Launched in 1937 as a replacement for the “D” model, the WLD was Harley’s middle weight side valve machine. While using a slightly lower tech design than the larger OHV EL model, the “flathead” or “side-valve” WL 45 was the backbone of Harley’s lineup. Not only did it serve well in modified trim as a courier machine in World War II, the WLA, but in numerous two and three-wheeled versions it was the mount of choice for police departments. The WL series enjoyed great commercial service and in the WLDR and WR was the basis of the Class C flat track racing series which AMA launched in 1934.
This WLD, currently on display at the National Motorcycle Museum has been treated to a lot of chrome work by its owner including wheels, primary cover and battery box, has a fine set of leather saddlebags, white wall tires, some tasteful pin striping and a pair of spotlights.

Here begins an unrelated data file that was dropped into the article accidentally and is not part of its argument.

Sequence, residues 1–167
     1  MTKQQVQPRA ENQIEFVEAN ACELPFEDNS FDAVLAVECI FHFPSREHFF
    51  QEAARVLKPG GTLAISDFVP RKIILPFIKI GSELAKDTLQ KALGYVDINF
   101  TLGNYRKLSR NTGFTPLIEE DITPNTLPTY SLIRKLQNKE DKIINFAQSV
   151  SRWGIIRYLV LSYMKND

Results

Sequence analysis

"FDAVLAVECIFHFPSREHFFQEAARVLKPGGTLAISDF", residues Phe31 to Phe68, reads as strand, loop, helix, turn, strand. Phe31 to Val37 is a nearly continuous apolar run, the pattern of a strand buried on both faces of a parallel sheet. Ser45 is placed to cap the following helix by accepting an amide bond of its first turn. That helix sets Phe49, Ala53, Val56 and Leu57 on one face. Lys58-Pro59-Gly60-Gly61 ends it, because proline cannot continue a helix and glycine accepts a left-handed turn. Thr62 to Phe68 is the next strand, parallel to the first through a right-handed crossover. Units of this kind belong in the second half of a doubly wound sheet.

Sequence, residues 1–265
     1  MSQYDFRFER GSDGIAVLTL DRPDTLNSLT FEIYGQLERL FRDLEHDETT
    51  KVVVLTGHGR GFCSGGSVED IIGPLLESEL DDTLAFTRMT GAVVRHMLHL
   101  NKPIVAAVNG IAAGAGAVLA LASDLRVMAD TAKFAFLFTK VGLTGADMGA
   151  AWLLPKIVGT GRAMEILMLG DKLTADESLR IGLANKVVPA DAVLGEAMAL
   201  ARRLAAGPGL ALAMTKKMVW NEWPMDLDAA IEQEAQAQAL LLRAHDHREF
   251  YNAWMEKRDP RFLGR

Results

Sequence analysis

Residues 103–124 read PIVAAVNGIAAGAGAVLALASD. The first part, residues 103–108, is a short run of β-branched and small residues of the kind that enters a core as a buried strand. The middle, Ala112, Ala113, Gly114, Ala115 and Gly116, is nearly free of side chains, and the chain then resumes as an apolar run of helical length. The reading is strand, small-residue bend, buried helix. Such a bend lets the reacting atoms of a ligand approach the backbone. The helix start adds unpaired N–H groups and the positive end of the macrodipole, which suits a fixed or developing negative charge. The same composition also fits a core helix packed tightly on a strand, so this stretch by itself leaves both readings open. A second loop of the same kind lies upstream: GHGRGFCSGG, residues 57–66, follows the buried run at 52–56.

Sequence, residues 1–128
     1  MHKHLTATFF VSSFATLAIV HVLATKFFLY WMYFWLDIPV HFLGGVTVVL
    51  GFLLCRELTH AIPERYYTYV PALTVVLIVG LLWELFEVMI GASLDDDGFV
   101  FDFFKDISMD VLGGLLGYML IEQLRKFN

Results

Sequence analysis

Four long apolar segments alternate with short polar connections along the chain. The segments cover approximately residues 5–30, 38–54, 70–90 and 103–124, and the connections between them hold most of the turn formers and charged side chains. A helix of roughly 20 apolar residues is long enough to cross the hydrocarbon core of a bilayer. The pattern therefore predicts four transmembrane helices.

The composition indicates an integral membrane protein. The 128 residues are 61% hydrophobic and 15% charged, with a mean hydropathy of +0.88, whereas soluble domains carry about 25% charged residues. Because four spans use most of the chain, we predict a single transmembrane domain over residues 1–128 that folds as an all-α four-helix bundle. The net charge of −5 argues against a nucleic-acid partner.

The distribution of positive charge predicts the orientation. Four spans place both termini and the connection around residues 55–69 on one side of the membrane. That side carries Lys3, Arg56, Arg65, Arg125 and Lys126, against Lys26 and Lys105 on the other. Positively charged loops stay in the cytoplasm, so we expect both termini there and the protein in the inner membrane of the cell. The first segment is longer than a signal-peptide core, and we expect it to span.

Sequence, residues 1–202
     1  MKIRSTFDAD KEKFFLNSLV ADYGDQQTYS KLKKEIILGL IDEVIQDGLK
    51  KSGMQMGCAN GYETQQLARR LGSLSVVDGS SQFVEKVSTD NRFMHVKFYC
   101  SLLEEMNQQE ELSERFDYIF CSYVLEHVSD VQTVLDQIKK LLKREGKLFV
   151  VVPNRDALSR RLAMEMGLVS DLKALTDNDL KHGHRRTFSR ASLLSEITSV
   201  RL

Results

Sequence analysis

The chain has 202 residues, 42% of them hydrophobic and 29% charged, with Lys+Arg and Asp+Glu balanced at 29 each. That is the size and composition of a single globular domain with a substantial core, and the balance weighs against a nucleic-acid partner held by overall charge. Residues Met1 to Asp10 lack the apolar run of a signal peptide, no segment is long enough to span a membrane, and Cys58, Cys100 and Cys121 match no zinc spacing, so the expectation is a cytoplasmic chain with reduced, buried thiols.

In an effort to make yet a sportier lightweight machine to compete better with British offerings, the side-valve K Model was released in 1952. Ending a long and venerable heritage, the WL model was discontinued though the engine lived on in Servi-Cars. The 1952 K Model was Harley’s first production machine with rear suspension with the FL following in 1958.
- Engine – 45 Degree Side Valve V-Twin
- Displacement – 45 Cubic Inches / 750 cc’s
- Bore & Stroke – 2.75″ x 3.81″
- Carburetor – Linkert
- Primary – Duplex Chain
- Clutch – Dry, Multi-disk
- Transmission – 3-Speed, Hand Shift
- Ignition – 6V Battery, Points & Coils
- Frame – Single Down Tube
- Suspension – Springer Fork/Rigid Rear
- Brakes – Drum, Internal Expanding
- Wheelbase – 57.5″
- Weight – 530
- Wheels/Tires – 5.00″x16″